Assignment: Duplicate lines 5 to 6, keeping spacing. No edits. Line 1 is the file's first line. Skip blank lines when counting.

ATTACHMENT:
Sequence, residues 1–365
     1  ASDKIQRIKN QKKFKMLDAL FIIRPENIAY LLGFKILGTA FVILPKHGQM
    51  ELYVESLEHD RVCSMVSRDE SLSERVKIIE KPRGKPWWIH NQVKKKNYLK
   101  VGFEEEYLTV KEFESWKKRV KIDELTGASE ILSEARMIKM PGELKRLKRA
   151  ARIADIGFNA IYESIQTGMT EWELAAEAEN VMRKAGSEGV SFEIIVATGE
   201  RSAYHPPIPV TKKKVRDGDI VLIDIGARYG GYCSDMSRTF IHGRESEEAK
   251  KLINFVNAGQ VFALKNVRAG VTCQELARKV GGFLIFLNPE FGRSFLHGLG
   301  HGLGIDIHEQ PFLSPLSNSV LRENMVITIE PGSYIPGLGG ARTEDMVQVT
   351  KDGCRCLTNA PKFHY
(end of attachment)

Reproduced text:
   151  ARIADIGFNA IYESIQTGMT EWELAAEAEN VMRKAGSEGV SFEIIVATGE
   201  RSAYHPPIPV TKKKVRDGDI VLIDIGARYG GYCSDMSRTF IHGRESEEAK